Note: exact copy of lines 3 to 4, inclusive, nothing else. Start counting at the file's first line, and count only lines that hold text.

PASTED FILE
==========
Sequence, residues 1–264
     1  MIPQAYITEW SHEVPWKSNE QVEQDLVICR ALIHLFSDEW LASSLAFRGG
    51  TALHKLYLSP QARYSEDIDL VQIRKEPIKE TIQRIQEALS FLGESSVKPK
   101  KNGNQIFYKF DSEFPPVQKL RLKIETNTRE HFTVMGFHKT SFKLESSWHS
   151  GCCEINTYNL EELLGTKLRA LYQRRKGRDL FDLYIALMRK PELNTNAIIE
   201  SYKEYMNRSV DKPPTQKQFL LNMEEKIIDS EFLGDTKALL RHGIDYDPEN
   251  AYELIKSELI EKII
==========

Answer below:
    51  TALHKLYLSP QARYSEDIDL VQIRKEPIKE TIQRIQEALS FLGESSVKPK
   101  KNGNQIFYKF DSEFPPVQKL RLKIETNTRE HFTVMGFHKT SFKLESSWHS